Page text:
Companion App Works To Get People Home Safely

Companion is an app that works to get people home safely.

By: James Grottola and Ricky Soberano


Companion, a virtual personal safety app, has over half a million users barely over a month after it was launched, reached number 1 in the App Store in two weeks and at a point was growing at 100 users per second.

The idea for Companion came from the common habits of the five founders attending the University of Michigan, Ann Arbor. All of them found themselves walking back to their dorms at night alone, having to either call or text people during the walk with hit or miss results. 

“I think it’ll actually make people feel less afraid. Maybe less nervous while they’re getting home,” Greg Stimitz, a Stony Brook University undergraduate student, said while on his way back to his dorm around 11:30 p.m.

One of the founders, Lexie Ernst, explained the specifics of the app.

“We have built in triggers using GPS technology, using smartphone sensors that if you go off route, don’t make it to your destination on time, drop your phone, if anything strange happens movement wise, that will alert your selected contacts,” Ernst said.

In terms of development, it is easier than one may think.

“The funny part of the Companion app is that they used Crew to develop it. Crew is mainly utilized by large companies or sponsored by large companies. That is actually how I heard about it and the development time (3 months) is actually pretty common,” said Jeremy Cai, The CPO of OnboardIQ. Crew is a development agency that provides connections to vetted professional who specialize in highly creative technological skills to create apps and programs that creates the product that the initial company wants. “It is easy to develop but not easy to maintain” said Cai.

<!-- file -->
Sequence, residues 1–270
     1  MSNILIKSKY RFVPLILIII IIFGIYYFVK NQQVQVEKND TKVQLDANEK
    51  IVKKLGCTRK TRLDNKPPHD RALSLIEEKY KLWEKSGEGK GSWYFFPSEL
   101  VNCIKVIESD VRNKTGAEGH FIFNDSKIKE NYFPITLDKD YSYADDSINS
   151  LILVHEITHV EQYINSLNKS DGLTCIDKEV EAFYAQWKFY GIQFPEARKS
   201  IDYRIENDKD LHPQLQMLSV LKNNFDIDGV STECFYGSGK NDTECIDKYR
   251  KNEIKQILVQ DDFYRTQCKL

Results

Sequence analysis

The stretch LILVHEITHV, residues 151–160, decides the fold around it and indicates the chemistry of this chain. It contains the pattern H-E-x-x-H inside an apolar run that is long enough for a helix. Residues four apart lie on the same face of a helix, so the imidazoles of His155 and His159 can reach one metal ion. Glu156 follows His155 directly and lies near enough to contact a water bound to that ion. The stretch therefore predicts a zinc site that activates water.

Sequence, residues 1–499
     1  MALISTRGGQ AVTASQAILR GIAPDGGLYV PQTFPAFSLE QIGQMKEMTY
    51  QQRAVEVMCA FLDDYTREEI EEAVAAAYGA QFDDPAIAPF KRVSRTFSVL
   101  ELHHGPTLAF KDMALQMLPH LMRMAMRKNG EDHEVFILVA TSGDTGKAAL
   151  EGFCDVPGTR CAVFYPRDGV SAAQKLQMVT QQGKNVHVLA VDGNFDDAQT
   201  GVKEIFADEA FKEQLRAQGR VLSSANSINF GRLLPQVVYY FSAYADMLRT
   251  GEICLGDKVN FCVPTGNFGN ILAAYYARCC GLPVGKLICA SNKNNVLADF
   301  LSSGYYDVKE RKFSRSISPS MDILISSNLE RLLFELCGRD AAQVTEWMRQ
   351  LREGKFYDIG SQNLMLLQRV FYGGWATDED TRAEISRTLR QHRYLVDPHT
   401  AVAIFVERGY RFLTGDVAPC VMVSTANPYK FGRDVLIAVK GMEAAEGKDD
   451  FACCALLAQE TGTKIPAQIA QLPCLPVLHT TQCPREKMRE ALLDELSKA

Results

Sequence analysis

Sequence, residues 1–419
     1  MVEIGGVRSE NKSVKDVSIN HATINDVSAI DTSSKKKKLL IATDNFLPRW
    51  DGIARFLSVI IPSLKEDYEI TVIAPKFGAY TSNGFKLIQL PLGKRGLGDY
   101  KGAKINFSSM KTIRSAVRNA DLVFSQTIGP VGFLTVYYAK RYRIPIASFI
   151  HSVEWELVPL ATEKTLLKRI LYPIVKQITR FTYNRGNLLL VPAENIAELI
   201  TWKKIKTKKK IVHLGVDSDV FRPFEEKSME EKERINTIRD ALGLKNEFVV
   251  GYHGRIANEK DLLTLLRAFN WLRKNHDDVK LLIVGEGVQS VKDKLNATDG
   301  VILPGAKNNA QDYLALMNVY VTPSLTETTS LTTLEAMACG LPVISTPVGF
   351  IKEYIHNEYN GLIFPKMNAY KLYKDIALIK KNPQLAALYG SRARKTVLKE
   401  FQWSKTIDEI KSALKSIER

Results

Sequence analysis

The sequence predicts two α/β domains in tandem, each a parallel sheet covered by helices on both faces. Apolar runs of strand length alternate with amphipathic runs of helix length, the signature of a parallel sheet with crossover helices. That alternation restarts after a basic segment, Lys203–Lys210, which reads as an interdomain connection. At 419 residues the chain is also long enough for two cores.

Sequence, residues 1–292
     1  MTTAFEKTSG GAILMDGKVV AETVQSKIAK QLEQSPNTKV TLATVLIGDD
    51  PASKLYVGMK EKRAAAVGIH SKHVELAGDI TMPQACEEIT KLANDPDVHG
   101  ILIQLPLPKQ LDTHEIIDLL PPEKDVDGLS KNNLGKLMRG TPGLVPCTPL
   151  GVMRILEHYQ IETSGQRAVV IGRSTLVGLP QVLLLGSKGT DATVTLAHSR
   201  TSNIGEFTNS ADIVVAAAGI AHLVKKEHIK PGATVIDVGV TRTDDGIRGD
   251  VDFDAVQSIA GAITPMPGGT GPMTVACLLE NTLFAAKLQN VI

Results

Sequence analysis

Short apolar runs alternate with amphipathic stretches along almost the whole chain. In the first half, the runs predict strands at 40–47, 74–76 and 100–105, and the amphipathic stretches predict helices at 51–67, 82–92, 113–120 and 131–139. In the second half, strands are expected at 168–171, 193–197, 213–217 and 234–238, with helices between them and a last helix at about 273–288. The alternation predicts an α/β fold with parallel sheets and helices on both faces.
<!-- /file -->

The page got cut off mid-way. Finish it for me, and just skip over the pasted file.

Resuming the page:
Despite Companion’s success, the mental thought process of individuals using it and other personal safety apps are cause for concern, according to Marco Ponzo, a graduate Psychology student at Stony Brook University.

“Although [Companion] does aid the student in walking home, the idea of this app being used to prevent any confrontation could be a source of anxiety and creating many “What if” scenarios in a person’s head,” Ponzo said.

That fear and anxiety may not necessarily be a bad thing according to Christopher D. Bader, Professor of Sociology at Chapman University. “We generally find that when it comes to fear, a little bit of fear is good.  Fear can lead you to become more aware of your surroundings, make better choices, etc.” 

The app has yet to receive a response of an account in which the app itself has caused the prevention of a tragedy per se, Ernst said this is “because no one has yet to send them a specific account.” However, she did note that there was a huge success in notifying the police quickly and discreetly for a number of individuals.  

Both Ponzo and Bader agreed that the fear associated with the potential scenarios may cause an unhealthy amount of anxiety or overthinking and could cause individuals to going out in public or stop a person from walking at night completely.

“I think (the app) provides a sense of comfort knowing that it’s there but you might not need it,” Melissa Leo, an undergraduate student of Stony Brook University, also walking home at 11 p.m. said.

Both Leo and Stimitz said that the premise of the app was useful.

“The idea of Companion itself – there’s nothing bad about it,”  Cai said.